When my brother, Jim, was born, it was clear that something big had happened in my family. Apparently, having a boy after two girls was a cause for great celebration. One year later, when my youngest sister was born, Jim became firmly enthroned as “the only boy”. He was a big deal. I knew my parents loved me, but I would never have the status of “only” anything. I was just in grade school, but I began to learn the “song” that being male was part of being good enough. I realized that I could never be my father’s only son, but I could work hard to be as much of a companion to him as my brother. I watched whatever Daddy watched on TV (westerns, Sunday night Mystery Theater, and—years later—football). I watched/helped him work on his big semi-trucks. I learned to ride our small motorcycle and I loved riding with him on his big bike. Other than some questionable food choices of his (lima beans and liver), if Daddy liked something—so did I. If I couldn’t be his son, I would get as close as I could—I would learn to sing that song somehow!
Daddy and I always had fun together and I have many happy memories of times we spent together. My favorite is a practical joke we played on Barb one afternoon. Daddy was sitting on the porch and enjoying a beer. He had been working on his truck and I had been hanging out with him most of that time. He was joking with me and asking if I wanted a sip; he knew I would say no, because I thought it smelled nasty. All of a sudden, he said “I bet we can convince your sister that you like it”. I didn’t believe him, but it sounded intriguing, so I asked him how. He took the bottle that was nearly empty and rinsed it out and put lemonade in it. When Barb walked by, I took a long draw on that bottle and grinned at her, asking if she would like some, too. The look on her face said it all! She definitely didn’t want any, and it turned out to be hard to convince her it was actually lemonade.
Daddy was gone a lot when I was young; his job as an owner/operator long-distance truck driver meant that he had to go where the work was. We lived in Ohio, but often the work was on the West Coast and other times it was down in Texas. Many times, it took him away from home for three or four weeks at a time. His homecoming was special every single time. Daddy wasn’t like other fathers who were cold and distant; he was affectionate and gave wonderful bear hugs. When he came home, he would squat down and we would all run to him for the love we had missed while he was gone. I know now that my parents’ marriage had been troubled for years, but they never let their children glimpse the difficulty they were having. We never had a lot of money, but I always felt like my childhood was very rich in love and laughter.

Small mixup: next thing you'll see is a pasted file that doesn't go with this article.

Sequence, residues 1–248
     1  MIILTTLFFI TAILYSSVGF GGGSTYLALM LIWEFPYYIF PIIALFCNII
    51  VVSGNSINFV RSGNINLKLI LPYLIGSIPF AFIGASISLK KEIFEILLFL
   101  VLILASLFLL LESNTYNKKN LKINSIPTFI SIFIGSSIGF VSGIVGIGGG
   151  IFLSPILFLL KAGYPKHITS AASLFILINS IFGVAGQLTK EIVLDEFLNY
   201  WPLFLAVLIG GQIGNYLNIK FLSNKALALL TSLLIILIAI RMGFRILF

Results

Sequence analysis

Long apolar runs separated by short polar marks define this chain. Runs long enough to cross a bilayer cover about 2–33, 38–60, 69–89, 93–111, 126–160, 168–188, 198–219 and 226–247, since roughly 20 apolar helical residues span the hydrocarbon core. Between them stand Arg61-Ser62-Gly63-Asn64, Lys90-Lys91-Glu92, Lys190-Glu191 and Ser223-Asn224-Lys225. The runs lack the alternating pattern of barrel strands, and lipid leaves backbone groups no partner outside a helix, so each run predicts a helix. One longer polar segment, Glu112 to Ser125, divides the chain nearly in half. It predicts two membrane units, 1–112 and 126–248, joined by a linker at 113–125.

Yes, I was definitely a “Daddy’s girl”. But, that all stopped a couple of months before my 14th birthday—the day my whole world fell apart. The day my father moved out of our home, my broken heart took the blame. As I looked at the time we spent together through the eyes of a young girl I decided that I wasn’t enough. I would never be enough to keep him there. My brother went to visit Daddy two years later and never returned home. Jim was enough, he was the one that Daddy wanted to have with him all the time and I was not.
For six years, my father was mostly absent from my life. He missed teaching me to drive, seeing my performance at St. John’s Cathedral in Spokane, and my high school graduation. For a few years, my step-mom signed my birthday cards, until I told her to stop sending them, if he couldn’t sign them himself.
Since school was the one area I’d always felt I was able to prove my worthiness, I dove back into my schoolwork, trying to convince my father that I was worth coming back for. I told myself, irrationally, that if I could just keep that 4.0 GPA, he would be so proud of me that nothing could keep him away. Physical Education and Typing class became my academic nemeses—lowering my GPA to an unacceptable 3.8. I was so disappointed in myself, because I knew he would never come to my graduation. I didn’t want to invite him. I can’t even remember if I did.
All I could see was the glaring evidence that I would never be good enough, because I wasn’t a boy. All that effort was wasted. I could never be what my father wanted most. I could never be what Jim already was—a son.
You might think that I would never have forgiven my father for his absence. But, I did. Most of the people in my life didn’t understand it then, and some still don’t. When I was 19, I decided I wanted to see my father again. I can’t remember if I called or wrote to him, but the result was an invitation to visit for a month during the summer of 1983. It was a very good visit and, over the next year, Daddy and I repaired our relationship with grace and acceptance. I realized that even the gravest mistakes can be forgiven. I began to understand how the people we love the most are in the position to cause our greatest pain. I learned to accept him for who he was—good and bad. My father and I would gradually reestablish the comfortable companionship we had enjoyed when I was a child.
But, it could never be the same. Choices have consequences. Wounds leave scars. During those five years apart, I had learned some painful songs that could never be “un-learned”. In his absence, other men had stepped into the role of father-figure in my life. Some of those experiences had hurt and some had healed, but all of them had changed me.
My father’s love will always be something I crave and his companionship will always be easy and comfortable. I will never be his son, but I can learn to sing my true song.
I’ve learned that Daddy loves me just the way I am.